Lewis Hamilton’s quest for the all-time record of F1 wins was put on hold when he was hit by penalties, gifting the Russian Grand Prix win to his teammate Valtteri Bottas. The controversy over the rule infraction was the only real sign of life in an otherwise uneventful race, with Bottas’ ninth career win (and his second of the season) hardly likely to excite the fans.
It was a bad weekend for Hamilton, as he very nearly qualified in 15th after an error by Sebastian Vettel. He succeeded in finishing on pole position, but he was stuck on soft tyres as a result. And then, more trouble before the race began.
He asked his team if it was okay to practice starts at the end of the pitlane on his way to the grid, and was given the green light. Before the race started, he was told that stewards were investigating, and he was eventually given two five-second penalties – one for the start, and a second for failing to drive at a constant speed in the pit exit on his reconnaissance lap.
Hamilton was unhappy, claiming he was being unfairly targeted: “Where’s that in the rule book? No-one has got two five-second penalties for something so ridiculous before. But it’s to be expected – they’re trying to slow me down.” Mercedes chose not to appeal, and Hamilton’s two penalty points were rescinded. After a similar issue at the Italian Grand Prix, the six-time world champion now has eight points on his licence, and picking up four in the next four races will trigger a suspension.
With Hamilton out of the way, Bottas coasted to an easy win, with Max Verstappen seven seconds behind him. After serving his penalty, Hamilton retained a comfortable third place once the other drivers had pitted – his older tyres meant he was unable to challenge. Behind the top three, Sergio Perez and Daniel Ricciardo had similarly lonely races, as did every car in the top seven – the only real racing was around the minor points.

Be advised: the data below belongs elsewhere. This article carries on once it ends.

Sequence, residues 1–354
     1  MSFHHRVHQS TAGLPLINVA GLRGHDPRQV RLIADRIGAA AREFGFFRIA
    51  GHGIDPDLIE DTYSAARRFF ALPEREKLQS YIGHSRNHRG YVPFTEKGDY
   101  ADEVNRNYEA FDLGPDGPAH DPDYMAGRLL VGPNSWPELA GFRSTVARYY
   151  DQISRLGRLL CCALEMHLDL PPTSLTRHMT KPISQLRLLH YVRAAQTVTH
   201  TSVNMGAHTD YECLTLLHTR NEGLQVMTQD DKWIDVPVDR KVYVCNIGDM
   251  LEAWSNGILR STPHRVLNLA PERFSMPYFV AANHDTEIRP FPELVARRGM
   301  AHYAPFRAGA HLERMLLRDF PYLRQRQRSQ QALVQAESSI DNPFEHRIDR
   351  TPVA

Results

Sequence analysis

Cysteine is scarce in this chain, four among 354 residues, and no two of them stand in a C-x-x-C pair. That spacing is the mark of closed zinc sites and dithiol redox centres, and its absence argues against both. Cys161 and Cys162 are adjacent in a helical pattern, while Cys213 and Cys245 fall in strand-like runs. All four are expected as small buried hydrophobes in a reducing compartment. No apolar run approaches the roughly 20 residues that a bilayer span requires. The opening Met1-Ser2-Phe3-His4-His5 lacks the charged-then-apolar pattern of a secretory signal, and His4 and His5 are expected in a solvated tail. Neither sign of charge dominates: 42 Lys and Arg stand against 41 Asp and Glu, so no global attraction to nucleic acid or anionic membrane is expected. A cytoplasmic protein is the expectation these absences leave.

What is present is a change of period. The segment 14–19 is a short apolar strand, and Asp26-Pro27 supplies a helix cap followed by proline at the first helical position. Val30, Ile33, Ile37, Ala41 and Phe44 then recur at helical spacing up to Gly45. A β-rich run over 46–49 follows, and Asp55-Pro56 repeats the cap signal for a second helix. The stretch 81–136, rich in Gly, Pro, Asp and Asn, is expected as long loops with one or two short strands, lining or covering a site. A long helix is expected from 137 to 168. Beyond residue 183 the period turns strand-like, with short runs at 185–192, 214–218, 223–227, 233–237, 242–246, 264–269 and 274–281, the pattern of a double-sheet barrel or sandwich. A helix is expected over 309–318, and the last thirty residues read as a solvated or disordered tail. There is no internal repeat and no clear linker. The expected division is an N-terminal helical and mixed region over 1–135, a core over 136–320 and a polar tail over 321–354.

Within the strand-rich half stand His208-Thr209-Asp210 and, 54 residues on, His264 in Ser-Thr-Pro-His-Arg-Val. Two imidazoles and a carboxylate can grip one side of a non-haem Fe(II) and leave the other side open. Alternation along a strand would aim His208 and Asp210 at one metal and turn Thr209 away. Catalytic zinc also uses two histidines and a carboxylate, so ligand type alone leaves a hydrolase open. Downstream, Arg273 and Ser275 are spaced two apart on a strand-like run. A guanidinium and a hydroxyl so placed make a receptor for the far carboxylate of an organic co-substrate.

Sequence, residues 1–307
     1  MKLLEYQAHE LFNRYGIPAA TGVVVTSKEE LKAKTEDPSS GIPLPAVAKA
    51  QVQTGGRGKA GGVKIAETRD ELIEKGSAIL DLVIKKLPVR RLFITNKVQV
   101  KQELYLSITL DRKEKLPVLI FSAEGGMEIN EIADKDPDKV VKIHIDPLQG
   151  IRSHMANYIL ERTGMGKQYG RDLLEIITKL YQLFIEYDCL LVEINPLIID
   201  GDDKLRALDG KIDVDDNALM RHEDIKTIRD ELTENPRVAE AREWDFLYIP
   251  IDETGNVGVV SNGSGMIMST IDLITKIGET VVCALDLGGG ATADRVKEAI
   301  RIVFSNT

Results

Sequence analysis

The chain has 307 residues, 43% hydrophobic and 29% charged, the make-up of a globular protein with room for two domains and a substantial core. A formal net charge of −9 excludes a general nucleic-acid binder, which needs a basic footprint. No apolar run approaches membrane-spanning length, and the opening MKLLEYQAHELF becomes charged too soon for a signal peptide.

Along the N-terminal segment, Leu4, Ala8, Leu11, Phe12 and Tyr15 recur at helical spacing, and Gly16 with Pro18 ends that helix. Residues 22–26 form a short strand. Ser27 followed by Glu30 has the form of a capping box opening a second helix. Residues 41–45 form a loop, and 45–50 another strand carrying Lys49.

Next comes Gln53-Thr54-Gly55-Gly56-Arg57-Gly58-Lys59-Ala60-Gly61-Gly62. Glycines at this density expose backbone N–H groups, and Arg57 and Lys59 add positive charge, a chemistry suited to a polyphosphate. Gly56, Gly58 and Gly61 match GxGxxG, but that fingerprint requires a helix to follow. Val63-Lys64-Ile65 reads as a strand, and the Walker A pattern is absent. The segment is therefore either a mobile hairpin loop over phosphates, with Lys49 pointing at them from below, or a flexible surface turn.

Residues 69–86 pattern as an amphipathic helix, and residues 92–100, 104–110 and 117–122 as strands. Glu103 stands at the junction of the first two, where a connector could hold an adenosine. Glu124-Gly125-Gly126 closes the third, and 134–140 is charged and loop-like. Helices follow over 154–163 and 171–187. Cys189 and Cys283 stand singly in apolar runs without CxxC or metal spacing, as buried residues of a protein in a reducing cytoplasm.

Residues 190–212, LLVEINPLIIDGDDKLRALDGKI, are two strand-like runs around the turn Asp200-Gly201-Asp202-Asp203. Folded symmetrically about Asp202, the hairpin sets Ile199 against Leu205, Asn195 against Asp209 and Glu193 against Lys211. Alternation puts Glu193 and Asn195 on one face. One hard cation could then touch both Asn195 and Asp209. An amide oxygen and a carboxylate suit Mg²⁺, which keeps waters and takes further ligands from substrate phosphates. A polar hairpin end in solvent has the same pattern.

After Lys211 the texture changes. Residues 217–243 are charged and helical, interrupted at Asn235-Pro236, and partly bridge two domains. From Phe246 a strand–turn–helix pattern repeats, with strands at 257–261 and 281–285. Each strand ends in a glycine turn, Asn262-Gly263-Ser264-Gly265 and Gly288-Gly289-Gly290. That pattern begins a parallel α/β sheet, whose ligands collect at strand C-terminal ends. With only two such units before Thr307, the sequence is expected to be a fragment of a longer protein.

Stroll was essentially shunted out on turn 4 by Leclerc, and Sainz smashed into a wall by turn 2
Charles Leclerc made his way from 11th to finish sixth, but he was more than a minute behind Bottas. Vettel’s bad weekend, after a crash in qualifying, led to an average 13th place finish. They certainly had a better weekend than Lance Stroll and Carlos Sainz, both of whom retired on the opening lap – Stroll was essentially shunted out on turn 4 by Leclerc, and Sainz smashed into a wall by turn 2.
After the race, Bottas said: “Once I was in clean air, I felt that the pace was pretty awesome and that I could control everything. Never give up. It’s a good day. It’s nice to get another win as it’s been a while and I now need to keep the momentum going.” He also took a moment to respond to those who accused him of failing to take the fight to his teammate: “A nice moment to thank my critics. To whom it may concern, f*** you!”
The second-placed Verstappen said: “After the restart, we were a little slower on the medium, I was having problems with the balance. Once we were on the hard tyre, we were a bit more competitive. I was just trying to do my own race today. I think we managed it well. I am very happy with second, especially after two DNFs.” He them came out in defence of Hamilton: “Penalty points for that, I’m not sure that’s correct.”
In two weeks, F1 returns to the Nürburgring for the first time since 2013. This weekend’s 24-hour touring car race was hit with wet and wintery conditions in the Eifel mountains, and it’s hugely likely the Grand Prix will suffer too. It should certainly make for a more interesting race than Sochi, that much is guaranteed.
So, it wasn’t to be for Lewis Hamilton – Michael Schumacher remains F1’s race record holder for just a little bit longer. Once again, it was misreading the rulebook that cost him the win, although we all know that this world championship, and the record, will eventually be his.
His claims of being targeted do not stand up, as every other team followed race directions as usual – I understand the anger, particularly as Mercedes errors are very rare indeed.
Bottas delivered, solid but unexciting, and I can’t help but agree with Damon Hill’s analysis of the race: “I’d like to say that was a good win from Valtteri Bottas but you can’t disregard the ‘absence’ of Lewis Hamilton.”
Really, though, it seems apposite that a competent but unexciting racer should have won this Russian Grand Prix, because there was nothing in the way of exciting racing. All the cars were spaced out to the extent that there was no real competition, and so little happened outside of the rule fiasco.